"Right now, we are already developing training activities with allies like Panama, Costa Rica, Guatemala, Honduras and the Dominican Republic," Maj. Gen. Hector Pachon Cañon, the Colombian marines' commanding general, told Marine Corps Times. "In those countries right now are Colombian marines, spreading training we received from the United States Marines."
The influence of the U.S. Marines is apparent in everything the Colombians do, from their boot camp and uniforms to the importance they place on ethos and noncommissioned officers' leadership traits…
"Senior U.S. officials in State and Defense will tell you that the mil-to-mil relationship between the United States and Colombia is the best they have ever seen anywhere in the world"
That sentiment was apparently shared by General John F. Kelly, USMC, the Commander of U.S. SOUTHCOM from 2012-2016. At a Congressional hearing on 29 April 2014, General Kelly expressed his gratitude to Colombia for serving as proxies for training personnel the U.S. is prohibited from working with because of their records of gross violations of human rights. According to Gen. Kelly:
"We’re not focusing in the same way on countries that are, today, very close to going over the edge, where Colombia was in the 90s. They’re just a few inches away from falling off the cliff. Yet we’re restricted from working with them, for past— ‘sins,’ in the 80s.
The beauty of having a Colombia—they’re such good partners, particularly in the military realm, they’re such good partners with us. When we ask them to go somewhere else and train the Mexicans, the Hondurans, the Guatemalans, the Panamanians, they will do it almost without asking. And they’ll do it on their own. They’re so appreciative of what we did for them. And what we did for them was, really, to encourage them for 20 years and they’ve done such a magnificent job.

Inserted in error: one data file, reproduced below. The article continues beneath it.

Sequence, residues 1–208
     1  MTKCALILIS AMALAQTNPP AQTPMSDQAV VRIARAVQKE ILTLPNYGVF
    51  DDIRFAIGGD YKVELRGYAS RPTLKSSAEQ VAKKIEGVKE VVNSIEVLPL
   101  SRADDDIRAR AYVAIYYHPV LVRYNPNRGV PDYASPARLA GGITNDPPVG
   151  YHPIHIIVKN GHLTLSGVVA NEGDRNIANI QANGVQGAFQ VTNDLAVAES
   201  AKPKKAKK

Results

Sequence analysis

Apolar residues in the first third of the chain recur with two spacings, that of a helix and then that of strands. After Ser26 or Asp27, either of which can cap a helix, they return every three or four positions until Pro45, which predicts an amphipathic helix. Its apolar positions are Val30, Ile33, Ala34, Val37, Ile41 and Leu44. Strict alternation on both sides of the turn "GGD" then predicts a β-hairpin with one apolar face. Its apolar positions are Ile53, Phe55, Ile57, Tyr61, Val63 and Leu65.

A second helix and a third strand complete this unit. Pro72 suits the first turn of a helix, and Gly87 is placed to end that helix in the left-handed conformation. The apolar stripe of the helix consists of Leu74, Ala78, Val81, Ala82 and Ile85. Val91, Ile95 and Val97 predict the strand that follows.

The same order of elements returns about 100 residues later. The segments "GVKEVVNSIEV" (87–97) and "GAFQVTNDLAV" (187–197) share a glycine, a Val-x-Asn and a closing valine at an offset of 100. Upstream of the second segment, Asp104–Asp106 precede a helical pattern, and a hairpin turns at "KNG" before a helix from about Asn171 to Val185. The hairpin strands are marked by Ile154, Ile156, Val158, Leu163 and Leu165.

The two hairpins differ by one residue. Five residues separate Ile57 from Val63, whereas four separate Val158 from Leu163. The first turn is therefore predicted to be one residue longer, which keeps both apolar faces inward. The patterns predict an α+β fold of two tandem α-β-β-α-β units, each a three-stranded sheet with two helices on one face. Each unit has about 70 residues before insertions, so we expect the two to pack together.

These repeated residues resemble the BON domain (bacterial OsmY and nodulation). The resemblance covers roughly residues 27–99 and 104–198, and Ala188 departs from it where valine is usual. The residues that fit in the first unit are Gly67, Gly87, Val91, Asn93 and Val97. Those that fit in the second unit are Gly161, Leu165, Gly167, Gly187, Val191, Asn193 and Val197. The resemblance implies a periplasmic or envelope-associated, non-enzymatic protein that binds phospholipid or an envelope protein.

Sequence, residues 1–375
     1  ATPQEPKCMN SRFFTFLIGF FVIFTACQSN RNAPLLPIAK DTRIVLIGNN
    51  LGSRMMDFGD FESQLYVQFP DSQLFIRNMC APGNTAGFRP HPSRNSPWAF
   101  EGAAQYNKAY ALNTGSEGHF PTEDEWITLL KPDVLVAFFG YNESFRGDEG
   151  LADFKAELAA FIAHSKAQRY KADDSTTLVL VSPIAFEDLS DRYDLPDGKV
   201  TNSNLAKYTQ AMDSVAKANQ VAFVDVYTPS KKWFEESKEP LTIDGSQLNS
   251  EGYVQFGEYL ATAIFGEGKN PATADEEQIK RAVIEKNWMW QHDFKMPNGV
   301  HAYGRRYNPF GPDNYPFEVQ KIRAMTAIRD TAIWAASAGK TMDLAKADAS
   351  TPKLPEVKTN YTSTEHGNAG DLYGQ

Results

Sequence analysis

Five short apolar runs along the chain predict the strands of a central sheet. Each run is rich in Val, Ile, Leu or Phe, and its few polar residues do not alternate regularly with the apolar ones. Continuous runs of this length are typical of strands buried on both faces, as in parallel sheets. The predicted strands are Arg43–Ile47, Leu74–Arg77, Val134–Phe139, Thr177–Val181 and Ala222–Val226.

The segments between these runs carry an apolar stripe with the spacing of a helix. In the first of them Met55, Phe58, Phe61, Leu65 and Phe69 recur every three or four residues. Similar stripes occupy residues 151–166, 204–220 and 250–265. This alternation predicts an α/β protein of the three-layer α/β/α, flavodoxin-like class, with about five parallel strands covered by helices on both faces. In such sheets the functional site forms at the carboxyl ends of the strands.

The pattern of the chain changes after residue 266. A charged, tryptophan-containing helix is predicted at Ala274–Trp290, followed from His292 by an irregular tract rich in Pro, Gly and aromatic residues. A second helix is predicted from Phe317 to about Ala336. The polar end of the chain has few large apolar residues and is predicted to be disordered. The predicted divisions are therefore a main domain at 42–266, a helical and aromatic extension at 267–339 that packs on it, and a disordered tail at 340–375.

But that’s why it’s important for them to go, because I’m–at least on the military side–restricted from working with some of these countries because of limitations that are, that are really based on past sins. And I’ll let it go at that."
In May of 2015, an operation purportedly to capture "El Mencho" failed catastrophically when a helicopter was shot down (supposedly) by the elite "praetorian guard" protecting the cartel's leader near Villa Purificación, Jalisco. In a prelude to the spectacle in Culiacán four years later, forces supposedly loyal to "El Mencho" mobilized simultaneously in four states, burning vehicles and erecting blockades. According to a column in Estado Mayor about the incident:
The criminal group in charge of the security of Nemesio Oceguera Cervantes, leader of the Jalisco Nueva Generación Cartel, is a mixture of mercenaries of different origins. They are “stateless”, as General Salvador Cienfuegos Zepeda, Secretary of National Defense, called them. They are responsible for the death of eight elite soldiers and a Federal Police agent, who died after the downing with an RPG-7 grenade launcher of a troop transport helicopter. This group demonstrated a level of training rarely seen in the country, unprecedented on a geographical scale that covered four states. How was it possible that more than a hundred simultaneous offensive actions were not planned in advance? Why did the military intelligence fail and the narco set up a deadly ambush only possible with inside information?
In the early hours of Friday, May 1, Major General Miguel Gustavo González Cruz could not believe the reports he received in real time. The commander of the fifth military region, which encompasses the military zones of five western states of the country, was in constant communication with his colleague, fellow divisional Roble Arturo Granados Gallardo, chief of the National Defense Staff. A command that acted as the first “ring” of protection for Nemesio Oceguera Cervantes, leader of the criminal organization calling itself the Jalisco Nueva Generación Cartel (CJNG), had made contact with the aircraft that was at the forefront of the operation launched that morning to arrest him.